Swig, Sodalicious ‘dirty’ lawsuit deemed much ado about nothing by competitors
Michael Maynor, operator of Ogden soda store Soda Factory, thinks the simmering lawsuit between Swig and Sodalicious, two big players in the sector, has lingered on too long. He was pictured at the take-out window of his Washington Boulevard locale on Tuesday, May 2, 2017.
TIM VANDENACK/Standard-Examiner

Competitors deem Swig-Sodalicious lawsuit much ado about nothing

OGDEN — To those watching from the outside, the 2-year-old lawsuit between two of the biggest players in Utah’s burgeoning specialty soda shop industry seems like a case of energy misspent.

Shalee Timothy, co-owner of four FiiZ franchises, including one in downtown Ogden, dubs the legal tussle “silly.”

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Michael Maynor, who operates Soda Factory on Washington Boulevard in Ogden, thinks the time Swig and Sodalicious reps have spent dealing with the lawsuit has been excessive.

“It puts a bad taste in my mouth the way they have treated each other. They did not have to bring it as far as they did,” he said.

That said, Maynor acknowledges he doesn’t know all the ins and outs of the lawsuit, filed by Swig against Sodalicious in U.S. District Court in Salt Lake City in 2015. And to play it safe, he avoids use of the word “dirty” — at the center of the dispute — to describe his syrup-infused soft drinks.

“You can get a Filthy Dr. Pepper here or an Extra Filthy Dr. Pepper,” he said.

Swig filed the suit, charging, in part, that Sodalicious infringed on its trademark on use of the word “dirty” to describe the sorts of drinks each business prepares — Coca-Cola, Mountain Dew and other soft drinks blended with shots of sugary, flavored syrup and other ingredients.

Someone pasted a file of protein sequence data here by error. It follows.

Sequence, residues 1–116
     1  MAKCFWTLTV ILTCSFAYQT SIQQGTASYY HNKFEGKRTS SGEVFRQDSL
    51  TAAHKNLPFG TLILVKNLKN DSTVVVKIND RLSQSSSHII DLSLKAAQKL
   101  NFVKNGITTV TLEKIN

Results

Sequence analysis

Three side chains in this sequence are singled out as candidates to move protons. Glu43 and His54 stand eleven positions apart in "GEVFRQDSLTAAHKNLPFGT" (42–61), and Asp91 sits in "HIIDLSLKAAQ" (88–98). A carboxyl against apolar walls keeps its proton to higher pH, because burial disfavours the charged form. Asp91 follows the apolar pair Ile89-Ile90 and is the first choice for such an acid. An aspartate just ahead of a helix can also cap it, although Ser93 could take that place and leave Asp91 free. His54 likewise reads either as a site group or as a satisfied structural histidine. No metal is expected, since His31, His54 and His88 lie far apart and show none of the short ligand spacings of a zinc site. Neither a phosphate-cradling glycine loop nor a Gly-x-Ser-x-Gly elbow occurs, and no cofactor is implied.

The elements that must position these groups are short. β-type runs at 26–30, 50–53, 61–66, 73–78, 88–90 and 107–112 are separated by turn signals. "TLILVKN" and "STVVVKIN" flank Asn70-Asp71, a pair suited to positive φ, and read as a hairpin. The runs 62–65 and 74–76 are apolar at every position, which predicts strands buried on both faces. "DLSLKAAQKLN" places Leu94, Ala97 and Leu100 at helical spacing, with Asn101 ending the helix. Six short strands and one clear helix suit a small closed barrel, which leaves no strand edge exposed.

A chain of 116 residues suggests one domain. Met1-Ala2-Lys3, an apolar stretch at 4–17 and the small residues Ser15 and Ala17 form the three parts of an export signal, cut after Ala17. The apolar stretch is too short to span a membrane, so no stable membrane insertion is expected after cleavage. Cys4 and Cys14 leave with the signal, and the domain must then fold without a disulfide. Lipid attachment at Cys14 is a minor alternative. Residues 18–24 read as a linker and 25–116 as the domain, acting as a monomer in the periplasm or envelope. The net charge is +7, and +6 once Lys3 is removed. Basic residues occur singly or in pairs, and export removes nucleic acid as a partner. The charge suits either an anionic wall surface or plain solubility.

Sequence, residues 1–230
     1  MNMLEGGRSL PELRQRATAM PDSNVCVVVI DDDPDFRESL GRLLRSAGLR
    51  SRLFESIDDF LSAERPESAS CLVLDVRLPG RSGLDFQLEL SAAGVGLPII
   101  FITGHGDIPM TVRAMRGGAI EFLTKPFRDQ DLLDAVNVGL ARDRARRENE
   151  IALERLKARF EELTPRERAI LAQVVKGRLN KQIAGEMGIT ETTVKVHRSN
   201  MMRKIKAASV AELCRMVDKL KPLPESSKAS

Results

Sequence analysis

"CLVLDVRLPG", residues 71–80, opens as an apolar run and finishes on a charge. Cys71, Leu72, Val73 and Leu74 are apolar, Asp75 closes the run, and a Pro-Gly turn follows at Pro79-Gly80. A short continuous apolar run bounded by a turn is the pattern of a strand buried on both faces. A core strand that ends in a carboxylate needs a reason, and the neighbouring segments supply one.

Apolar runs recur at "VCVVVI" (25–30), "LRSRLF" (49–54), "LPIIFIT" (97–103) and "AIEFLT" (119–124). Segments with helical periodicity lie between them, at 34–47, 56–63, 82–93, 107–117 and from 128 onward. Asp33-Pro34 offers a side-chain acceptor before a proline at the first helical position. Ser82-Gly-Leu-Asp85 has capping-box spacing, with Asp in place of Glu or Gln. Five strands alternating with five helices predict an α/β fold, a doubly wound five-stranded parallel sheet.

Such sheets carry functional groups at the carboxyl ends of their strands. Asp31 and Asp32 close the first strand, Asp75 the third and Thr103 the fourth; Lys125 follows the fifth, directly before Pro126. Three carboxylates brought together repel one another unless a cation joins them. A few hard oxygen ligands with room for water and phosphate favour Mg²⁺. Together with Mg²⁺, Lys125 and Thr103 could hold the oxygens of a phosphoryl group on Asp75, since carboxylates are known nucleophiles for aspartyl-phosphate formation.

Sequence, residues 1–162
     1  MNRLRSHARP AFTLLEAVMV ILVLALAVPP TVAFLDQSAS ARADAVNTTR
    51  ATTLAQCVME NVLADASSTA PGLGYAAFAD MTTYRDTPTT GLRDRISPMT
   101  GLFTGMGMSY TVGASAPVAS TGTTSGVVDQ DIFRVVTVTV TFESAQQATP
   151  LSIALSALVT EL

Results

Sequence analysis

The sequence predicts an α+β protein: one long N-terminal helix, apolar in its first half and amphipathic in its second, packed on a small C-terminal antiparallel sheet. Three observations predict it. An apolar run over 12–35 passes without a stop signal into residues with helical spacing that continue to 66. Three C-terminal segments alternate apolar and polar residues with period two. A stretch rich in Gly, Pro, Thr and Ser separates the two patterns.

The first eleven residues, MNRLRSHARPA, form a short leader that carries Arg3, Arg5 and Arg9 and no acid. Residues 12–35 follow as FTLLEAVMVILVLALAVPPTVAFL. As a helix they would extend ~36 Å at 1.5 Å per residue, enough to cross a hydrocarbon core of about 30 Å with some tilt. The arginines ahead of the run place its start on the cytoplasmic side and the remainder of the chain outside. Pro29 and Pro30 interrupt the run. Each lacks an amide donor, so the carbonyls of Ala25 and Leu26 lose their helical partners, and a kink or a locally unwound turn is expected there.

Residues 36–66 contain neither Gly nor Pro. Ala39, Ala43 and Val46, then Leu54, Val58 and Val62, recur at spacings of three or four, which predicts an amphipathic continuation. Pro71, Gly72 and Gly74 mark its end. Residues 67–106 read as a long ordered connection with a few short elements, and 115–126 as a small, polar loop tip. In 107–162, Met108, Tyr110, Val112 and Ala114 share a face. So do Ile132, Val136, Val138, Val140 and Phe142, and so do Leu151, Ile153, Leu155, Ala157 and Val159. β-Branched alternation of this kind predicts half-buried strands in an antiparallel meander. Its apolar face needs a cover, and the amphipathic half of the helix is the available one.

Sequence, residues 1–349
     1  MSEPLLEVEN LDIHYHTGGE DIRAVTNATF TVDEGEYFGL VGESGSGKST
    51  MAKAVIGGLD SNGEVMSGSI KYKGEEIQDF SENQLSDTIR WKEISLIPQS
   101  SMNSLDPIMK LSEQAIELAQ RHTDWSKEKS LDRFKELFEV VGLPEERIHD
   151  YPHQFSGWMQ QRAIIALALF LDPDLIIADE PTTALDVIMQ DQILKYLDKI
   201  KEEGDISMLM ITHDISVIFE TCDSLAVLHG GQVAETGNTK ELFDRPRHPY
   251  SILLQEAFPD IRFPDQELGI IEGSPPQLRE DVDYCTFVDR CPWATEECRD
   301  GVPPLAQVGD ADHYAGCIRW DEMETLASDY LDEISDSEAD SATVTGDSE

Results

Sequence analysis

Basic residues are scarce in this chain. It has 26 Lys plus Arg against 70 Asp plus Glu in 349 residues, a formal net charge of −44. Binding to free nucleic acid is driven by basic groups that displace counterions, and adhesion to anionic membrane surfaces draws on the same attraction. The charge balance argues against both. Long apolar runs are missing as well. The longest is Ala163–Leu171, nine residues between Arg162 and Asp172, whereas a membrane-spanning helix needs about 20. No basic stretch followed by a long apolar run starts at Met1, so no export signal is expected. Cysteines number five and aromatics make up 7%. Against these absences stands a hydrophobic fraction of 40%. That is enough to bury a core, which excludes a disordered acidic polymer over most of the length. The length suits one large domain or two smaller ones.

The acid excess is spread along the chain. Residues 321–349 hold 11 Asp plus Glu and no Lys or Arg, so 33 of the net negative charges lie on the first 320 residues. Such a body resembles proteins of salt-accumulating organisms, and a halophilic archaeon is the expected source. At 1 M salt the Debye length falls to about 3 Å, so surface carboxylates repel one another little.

Swig opened its first soda location in 2010, helping launch the industry in Utah and preceding the arrival of Sodalicious, FiiZ and other players.

Along the way, Swig tradmarked use of the word “dirty” in describing its beverages with the U.S. Patent and Trademark Office in 2014.

At any rate, Sodalicious has rejected Swig’s charges, saying “dirty” is a generic term for soft drinks with added ingredients. It’s also filed a counterclaim, asking that Swig’s trademark be canceled.

Nicole Tanner, majority stakeholder in Swig, declined comment on the case since it’s still winding through court, while a Sodalicious representative didn’t immediately return a query seeking comment. But others have opinions.

The case has dragged on too long “and they should just get over it,” said Timothy.

Shelly Betz, co-owner of Island Splash, a Roy soda store, wonders how Swig secured the trademark in the first place. “I don’t know how you can patent ‘dirty’,” she said.

Nonetheless, she steers clear of use of the word at her locale in light of the court case, just like Maynor.

Contact reporter Tim Vandenack at tvandenack@standard.net, follow him on Twitter at @timvandenack or like him on Facebook at Facebook.com/timvandenackreporter.